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January 15, 2009

Before the word "solar" evoked images of flat PV panels stuck on rooftops, many architects already had a mind to use the sun to maximum advantage in their designs. I recently discovered a fantastic old book, published in 1947 by Simon and Schuster and long since out of print, entitled Your Solar House. The large, illustration-heavy volume features forty-nine homes by as many architects, one in each state, plus the District of Columbia (Alaska and Hawai'i had not yet been admitted to the Union).


Many of the architects will be familiar names for Dwell readers, including Louis Kahn and Pietro Belluschi. It's no accident that the modernist style features enormous, often wall-size windows—the mid-century stylistic break from tradition was also a leap towards more efficient design, opening the home interiors to invite free assistance from the sun.

A "solar house," by mid-century standards, was not about advanced technology or space-age materials, it was about precise site orientation and the size and placement of windows. Of course, solar orientation is an ancient technique that predates modernist architecture, but the successful execution of a sealed, insulated double-pane glass was quite new and transformed the possibilities for designing large windows. Your Solar House was actually produced by the Libbey-Owens-Ford Glass Company, a Toledo, Ohio, company that had become a go-to source of information on solar homes after their double-glazed product, Thermopane, proved to be the magic bullet for passive climate control and indoor daylight.

In 1942, they explain in their introduction, "many dwellers in solar houses were blasted temporarily from the placid privacy of their normal existence" after hearing the story of a Chicago home that, on a January day in 1942, maintained an indoor temperature of 72 degrees all day while outside the mercury read 17 below zero. "Automatic controls set at 72 shut off the furnace at 8:30am and did not turn it on again until 8:30pm! For the major part of the day the sun, streaming through the windows which made up virtually the entire south wall, had taken over the job of heating the house."

This revelation spread across news media like wildfire and inspired numerous homeowners to seek out expert advice on making their own homes more solar-responsive. Though not equipped to answer every question flooding in from around the nation, in 1943, Libbey-Owens-Ford decided to launch a program to commission well-regarded architects of the time to design solar demonstration homes in each state as a way to model solutions for different climates and geographic conditions. A nominating panel was appointed to select the architects, and the only stipulation was that their costs were not to exceed $15,000 ("by prewar standards").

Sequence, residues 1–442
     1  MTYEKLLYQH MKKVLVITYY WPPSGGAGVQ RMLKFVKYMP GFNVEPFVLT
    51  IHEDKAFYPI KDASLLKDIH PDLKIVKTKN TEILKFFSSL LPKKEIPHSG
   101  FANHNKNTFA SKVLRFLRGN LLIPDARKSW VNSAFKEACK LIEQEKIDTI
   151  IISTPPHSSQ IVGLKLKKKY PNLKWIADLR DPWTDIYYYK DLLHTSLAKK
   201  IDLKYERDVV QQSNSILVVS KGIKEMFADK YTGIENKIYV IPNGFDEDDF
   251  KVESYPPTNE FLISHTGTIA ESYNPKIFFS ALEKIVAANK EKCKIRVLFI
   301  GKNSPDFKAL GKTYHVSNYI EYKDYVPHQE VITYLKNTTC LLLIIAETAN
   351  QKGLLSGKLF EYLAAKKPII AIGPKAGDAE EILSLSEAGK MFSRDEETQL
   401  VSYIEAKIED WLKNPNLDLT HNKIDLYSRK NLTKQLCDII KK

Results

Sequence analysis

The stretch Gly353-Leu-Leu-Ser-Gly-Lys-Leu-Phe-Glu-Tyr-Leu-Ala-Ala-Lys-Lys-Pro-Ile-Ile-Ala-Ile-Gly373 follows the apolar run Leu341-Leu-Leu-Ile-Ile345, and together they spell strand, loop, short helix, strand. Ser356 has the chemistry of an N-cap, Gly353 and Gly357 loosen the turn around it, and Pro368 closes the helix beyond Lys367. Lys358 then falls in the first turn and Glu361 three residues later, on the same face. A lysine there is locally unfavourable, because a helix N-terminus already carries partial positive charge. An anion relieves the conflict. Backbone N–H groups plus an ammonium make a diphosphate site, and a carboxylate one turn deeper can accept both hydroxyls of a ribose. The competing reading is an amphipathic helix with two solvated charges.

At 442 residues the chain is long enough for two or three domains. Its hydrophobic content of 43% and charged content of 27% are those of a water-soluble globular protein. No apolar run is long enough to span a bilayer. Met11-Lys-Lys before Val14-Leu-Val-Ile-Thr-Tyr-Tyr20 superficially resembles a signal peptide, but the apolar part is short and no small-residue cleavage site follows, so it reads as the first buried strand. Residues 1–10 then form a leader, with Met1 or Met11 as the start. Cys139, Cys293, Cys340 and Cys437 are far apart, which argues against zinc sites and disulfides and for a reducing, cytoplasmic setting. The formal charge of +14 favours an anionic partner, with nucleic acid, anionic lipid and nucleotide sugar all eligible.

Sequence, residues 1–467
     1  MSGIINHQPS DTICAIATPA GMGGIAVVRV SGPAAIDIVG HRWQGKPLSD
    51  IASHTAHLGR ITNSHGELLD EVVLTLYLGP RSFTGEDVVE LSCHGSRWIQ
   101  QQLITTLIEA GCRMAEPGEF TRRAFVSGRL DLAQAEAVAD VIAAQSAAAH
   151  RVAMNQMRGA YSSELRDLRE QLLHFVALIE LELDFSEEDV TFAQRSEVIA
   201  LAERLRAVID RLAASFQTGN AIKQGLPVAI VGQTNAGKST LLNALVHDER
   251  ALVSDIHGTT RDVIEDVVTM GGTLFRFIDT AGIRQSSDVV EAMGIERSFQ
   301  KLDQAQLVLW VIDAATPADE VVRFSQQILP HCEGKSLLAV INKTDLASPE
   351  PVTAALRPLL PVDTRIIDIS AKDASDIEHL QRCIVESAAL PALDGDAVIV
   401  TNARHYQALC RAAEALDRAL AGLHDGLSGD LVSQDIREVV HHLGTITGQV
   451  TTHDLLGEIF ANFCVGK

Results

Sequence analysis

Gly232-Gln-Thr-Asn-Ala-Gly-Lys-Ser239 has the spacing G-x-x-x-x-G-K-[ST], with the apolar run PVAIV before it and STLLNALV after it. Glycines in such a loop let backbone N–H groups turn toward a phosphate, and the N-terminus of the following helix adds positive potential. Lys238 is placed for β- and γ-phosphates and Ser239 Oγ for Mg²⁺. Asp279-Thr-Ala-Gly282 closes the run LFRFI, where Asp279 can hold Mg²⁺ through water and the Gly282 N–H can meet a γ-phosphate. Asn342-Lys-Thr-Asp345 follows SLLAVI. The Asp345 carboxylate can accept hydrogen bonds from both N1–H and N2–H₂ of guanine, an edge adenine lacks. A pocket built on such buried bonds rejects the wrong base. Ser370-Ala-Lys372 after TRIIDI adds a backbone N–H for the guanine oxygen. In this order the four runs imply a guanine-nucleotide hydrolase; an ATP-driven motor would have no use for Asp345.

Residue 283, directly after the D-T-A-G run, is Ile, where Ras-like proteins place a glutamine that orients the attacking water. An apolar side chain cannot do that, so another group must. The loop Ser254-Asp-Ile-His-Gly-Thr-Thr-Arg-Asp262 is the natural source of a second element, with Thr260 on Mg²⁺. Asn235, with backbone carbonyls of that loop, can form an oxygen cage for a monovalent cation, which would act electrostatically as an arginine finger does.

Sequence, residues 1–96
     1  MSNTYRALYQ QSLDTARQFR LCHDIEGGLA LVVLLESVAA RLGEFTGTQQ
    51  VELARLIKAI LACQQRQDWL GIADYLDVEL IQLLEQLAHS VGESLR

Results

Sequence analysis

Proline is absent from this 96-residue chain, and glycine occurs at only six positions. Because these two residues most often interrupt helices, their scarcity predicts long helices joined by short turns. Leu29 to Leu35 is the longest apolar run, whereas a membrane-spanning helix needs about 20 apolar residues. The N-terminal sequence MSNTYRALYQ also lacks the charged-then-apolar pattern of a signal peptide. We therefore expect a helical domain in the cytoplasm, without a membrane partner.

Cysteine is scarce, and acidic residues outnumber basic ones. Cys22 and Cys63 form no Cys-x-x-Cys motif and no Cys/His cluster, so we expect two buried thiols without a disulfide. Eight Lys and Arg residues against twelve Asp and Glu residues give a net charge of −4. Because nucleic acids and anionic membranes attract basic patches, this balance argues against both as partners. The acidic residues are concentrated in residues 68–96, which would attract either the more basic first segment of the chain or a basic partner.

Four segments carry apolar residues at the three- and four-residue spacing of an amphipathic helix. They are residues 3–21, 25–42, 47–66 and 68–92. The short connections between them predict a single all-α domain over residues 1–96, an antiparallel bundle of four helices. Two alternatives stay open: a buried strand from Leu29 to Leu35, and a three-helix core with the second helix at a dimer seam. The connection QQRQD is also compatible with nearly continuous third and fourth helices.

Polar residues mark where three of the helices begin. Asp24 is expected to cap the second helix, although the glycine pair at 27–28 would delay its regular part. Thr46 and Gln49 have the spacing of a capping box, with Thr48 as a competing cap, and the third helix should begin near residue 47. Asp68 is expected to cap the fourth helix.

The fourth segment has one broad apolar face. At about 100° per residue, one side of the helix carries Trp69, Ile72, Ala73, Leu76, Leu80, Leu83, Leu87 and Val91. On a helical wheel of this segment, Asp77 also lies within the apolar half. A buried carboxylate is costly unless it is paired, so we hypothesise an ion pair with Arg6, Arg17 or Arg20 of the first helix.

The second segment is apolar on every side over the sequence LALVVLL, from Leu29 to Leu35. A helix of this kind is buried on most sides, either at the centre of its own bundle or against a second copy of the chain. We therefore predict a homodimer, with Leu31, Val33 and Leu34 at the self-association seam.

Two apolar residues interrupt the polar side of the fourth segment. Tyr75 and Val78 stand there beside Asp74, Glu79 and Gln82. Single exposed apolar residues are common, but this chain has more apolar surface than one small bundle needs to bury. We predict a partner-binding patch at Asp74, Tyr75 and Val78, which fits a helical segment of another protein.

Divided up by geographic region, Your Solar House includes drawings and floor plans for each project, as well as short text descriptions that explain the architect's intention with his design (the selected contributors were all men but one, Ruth Reynolds Freeman, who designed the Vermont home). The images here are excerpts from perhaps the most prominent names, including John Lloyd Wright (the son of Frank), Louis Kahn and Oscar Stonorov (who jointly conceived a project), and Pietro Belluschi. It's an inspiring reminder as we go through the current renewable energy renaissance that it is indeed a renaissance—the sensible idea of letting the sun save you some cash has been around since the last time Americans were as cash-strapped as we are this year. While technologies have advanced beyond anything Libbey-Owens-Ford could have imagined in 1943, the approaches depicted in this book—which we'd now call "passive solar" in contrast to our "active" panels and tubes—remain as effective as ever.

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